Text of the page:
Pipeline expansion drives competitiveness: report
Canada’s oil and gas producers struggling to stay competitive with their U.S. counterparts are hampered by the struggle to expand pipeline capacity, says a new report from the C.D. Howe Institute.
The analysis by associate director of research Benjamin Dachis is the first in what he says will become an annual comparison of Canada’s oil and gas sector with its North American equivalents, reports Canadian Press.
The report comes just days before the federal government is expected to unveil how it plans to overhaul the environmental and regulatory review process for major energy projects.
Industry expects that overhaul to be the make-or-break plan for future pipeline projects, and Dachis says the lack of pipelines to transport oil and gas to market remains the biggest factor affecting the industry’s competitiveness with the U.S.
“If Canadian governments allowed pipelines to be built expeditiously,” he wrote, “the competitiveness of western Canadian oil producers would be greatly improved.”
While carbon taxes are getting the lion’s share of political and public attention, they’re having little negative effect, Dachis said — and indeed, if they are well-designed, can actually create an incentive to cut emissions without affecting competitiveness.
A lack of pipeline capacity for getting product to market, on the other hand, has a significant impact, Dachis said, with estimates that the bottleneck cuts about $5 off the profits of every barrel of oil produced in an average western Canadian well.
The analysis looks only at conventional oil and gas wells and not the oilsands, the economics of which are far different and don’t compare to conventional oil wells in the U.S., he said.
“This is where a lot of emerging oil and gas investment is going,” said Dachis. “It’s where the magic is happening.”
Canada has watched several pipeline projects evaporate in the last year, including TransCanada’s Energy East pipeline between Alberta and the east coast, the Mackenzie Valley gas pipeline from the Beaufort Sea, and the Northwest LNG project in B.C.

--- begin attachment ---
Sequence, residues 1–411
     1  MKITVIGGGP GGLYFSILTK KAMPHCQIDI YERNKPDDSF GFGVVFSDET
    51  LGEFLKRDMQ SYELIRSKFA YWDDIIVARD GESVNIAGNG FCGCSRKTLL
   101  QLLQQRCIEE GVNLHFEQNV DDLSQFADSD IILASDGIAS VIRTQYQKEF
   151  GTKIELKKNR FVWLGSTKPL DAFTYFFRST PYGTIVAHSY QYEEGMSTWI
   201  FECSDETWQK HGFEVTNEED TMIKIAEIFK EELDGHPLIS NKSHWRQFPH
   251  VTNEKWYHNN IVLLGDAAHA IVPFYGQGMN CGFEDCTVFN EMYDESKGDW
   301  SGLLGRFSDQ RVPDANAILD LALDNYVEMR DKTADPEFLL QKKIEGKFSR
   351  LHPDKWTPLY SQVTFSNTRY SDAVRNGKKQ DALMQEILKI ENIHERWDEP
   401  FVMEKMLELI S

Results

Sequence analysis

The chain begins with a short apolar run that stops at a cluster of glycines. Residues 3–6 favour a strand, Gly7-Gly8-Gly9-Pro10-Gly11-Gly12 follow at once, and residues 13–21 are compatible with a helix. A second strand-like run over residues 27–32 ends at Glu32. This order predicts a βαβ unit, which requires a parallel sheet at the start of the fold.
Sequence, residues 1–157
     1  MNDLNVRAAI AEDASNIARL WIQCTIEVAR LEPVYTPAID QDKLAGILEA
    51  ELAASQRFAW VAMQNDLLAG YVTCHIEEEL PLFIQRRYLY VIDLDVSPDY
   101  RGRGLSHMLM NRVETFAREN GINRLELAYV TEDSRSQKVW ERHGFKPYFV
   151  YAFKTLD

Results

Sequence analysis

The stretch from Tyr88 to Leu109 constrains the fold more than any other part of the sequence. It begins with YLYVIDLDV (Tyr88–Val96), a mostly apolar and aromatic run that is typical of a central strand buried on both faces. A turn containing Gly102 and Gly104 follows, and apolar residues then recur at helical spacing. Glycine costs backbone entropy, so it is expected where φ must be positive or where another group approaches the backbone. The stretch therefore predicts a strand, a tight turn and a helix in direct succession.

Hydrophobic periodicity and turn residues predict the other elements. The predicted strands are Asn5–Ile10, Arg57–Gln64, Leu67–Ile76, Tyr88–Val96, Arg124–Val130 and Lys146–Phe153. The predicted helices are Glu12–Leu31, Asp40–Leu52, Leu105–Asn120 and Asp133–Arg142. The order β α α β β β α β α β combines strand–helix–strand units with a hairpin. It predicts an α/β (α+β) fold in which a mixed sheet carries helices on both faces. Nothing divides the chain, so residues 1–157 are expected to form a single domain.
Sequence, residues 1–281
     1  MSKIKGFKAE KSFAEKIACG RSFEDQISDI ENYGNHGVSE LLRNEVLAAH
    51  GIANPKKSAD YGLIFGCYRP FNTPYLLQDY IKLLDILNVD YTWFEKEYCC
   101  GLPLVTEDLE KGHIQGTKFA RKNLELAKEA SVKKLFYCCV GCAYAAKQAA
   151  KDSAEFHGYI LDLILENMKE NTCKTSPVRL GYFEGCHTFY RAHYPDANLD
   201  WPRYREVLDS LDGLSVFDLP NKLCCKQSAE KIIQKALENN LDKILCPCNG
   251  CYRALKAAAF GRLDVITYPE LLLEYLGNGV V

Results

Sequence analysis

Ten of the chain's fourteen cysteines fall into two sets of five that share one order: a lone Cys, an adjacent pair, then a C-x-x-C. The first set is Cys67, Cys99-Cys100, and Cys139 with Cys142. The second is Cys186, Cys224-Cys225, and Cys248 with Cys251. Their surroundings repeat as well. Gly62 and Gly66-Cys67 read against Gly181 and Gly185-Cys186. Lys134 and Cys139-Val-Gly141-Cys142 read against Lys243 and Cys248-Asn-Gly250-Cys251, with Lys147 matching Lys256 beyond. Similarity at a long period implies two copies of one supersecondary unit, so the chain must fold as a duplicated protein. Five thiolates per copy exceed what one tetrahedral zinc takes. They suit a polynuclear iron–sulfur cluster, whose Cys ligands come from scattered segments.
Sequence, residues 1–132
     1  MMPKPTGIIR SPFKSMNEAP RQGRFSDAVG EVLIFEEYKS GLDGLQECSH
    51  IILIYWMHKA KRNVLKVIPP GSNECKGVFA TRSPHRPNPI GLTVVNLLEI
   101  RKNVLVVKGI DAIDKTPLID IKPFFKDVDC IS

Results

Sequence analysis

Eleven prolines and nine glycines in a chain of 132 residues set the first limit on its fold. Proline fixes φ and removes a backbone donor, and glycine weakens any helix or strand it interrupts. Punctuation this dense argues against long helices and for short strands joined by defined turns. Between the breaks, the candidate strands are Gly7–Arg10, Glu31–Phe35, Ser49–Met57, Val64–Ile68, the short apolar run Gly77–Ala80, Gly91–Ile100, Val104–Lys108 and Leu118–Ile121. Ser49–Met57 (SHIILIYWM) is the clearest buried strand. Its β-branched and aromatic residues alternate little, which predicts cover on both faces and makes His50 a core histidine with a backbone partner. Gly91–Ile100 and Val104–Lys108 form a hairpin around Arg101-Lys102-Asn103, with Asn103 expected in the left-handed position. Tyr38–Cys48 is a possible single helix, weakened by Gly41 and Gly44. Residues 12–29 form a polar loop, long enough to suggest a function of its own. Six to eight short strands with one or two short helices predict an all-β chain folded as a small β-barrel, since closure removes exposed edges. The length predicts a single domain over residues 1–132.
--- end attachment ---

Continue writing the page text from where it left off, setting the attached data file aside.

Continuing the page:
Proponents in all three cases cited regulatory holdups as one of the reasons for the demise of the projects, although regulation was only one factor.
“The regulatory process sure didn’t help, but at the end of the day, market forces probably made the decision,” said Dachis.
The plummeting price of natural gas made new pipelines less economical. In the case of Energy East, the arguments for it became less forceful when the U.S. revived the once-moribund Keystone XL pipeline.
Dachis said Keystone, the Trans Mountain expansion between Alberta and B.C. and the Enbridge Line 3 replacement comprise a lot of new capacity that would make the argument for Energy East tougher to make.
Trans Mountain’s expansion, which would triple the capacity of the oil pipeline, is in question again after the B.C. government proposed new limits on shipments of bitumen through the province.
The regulations could block the expansion altogether. The B.C. government opposes it, but Alberta Premier Rachel Notley has said she will sue B.C. over the regulations. Notley said B.C. is overstepping its authority and that the regulation will hurt the Canadian economy.
Federal Natural Resources Minister Jim Carr restated his government’s support for the project earlier this week. The Liberal government approved the project in 2016.
The federal Liberals have spent the last two years consulting on how to overhaul the regulatory and environmental reviews for major energy projects, arguing the process needed to be more transparent and more fair.